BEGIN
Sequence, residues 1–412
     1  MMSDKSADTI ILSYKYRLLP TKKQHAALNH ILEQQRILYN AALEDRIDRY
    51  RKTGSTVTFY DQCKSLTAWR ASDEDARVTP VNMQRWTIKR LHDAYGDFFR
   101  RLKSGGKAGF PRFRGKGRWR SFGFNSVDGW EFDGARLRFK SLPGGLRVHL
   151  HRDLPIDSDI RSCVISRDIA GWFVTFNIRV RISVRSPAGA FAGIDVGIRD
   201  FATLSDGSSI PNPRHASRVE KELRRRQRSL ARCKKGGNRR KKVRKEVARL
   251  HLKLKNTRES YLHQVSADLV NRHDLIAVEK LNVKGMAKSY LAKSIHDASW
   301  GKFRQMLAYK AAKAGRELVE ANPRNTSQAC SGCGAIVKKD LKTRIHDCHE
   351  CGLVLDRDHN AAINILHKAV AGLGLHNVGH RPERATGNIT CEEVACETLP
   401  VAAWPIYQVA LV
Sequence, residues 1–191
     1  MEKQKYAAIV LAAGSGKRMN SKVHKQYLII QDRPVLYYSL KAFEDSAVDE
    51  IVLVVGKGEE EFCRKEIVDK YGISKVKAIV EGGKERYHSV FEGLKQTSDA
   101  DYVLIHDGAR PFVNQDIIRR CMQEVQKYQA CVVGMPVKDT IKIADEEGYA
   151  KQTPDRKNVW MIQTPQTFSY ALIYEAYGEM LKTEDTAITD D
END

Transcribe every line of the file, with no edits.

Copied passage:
Sequence, residues 1–412
     1  MMSDKSADTI ILSYKYRLLP TKKQHAALNH ILEQQRILYN AALEDRIDRY
    51  RKTGSTVTFY DQCKSLTAWR ASDEDARVTP VNMQRWTIKR LHDAYGDFFR
   101  RLKSGGKAGF PRFRGKGRWR SFGFNSVDGW EFDGARLRFK SLPGGLRVHL
   151  HRDLPIDSDI RSCVISRDIA GWFVTFNIRV RISVRSPAGA FAGIDVGIRD
   201  FATLSDGSSI PNPRHASRVE KELRRRQRSL ARCKKGGNRR KKVRKEVARL
   251  HLKLKNTRES YLHQVSADLV NRHDLIAVEK LNVKGMAKSY LAKSIHDASW
   301  GKFRQMLAYK AAKAGRELVE ANPRNTSQAC SGCGAIVKKD LKTRIHDCHE
   351  CGLVLDRDHN AAINILHKAV AGLGLHNVGH RPERATGNIT CEEVACETLP
   401  VAAWPIYQVA LV
Sequence, residues 1–191
     1  MEKQKYAAIV LAAGSGKRMN SKVHKQYLII QDRPVLYYSL KAFEDSAVDE
    51  IVLVVGKGEE EFCRKEIVDK YGISKVKAIV EGGKERYHSV FEGLKQTSDA
   101  DYVLIHDGAR PFVNQDIIRR CMQEVQKYQA CVVGMPVKDT IKIADEEGYA
   151  KQTPDRKNVW MIQTPQTFSY ALIYEAYGEM LKTEDTAITD D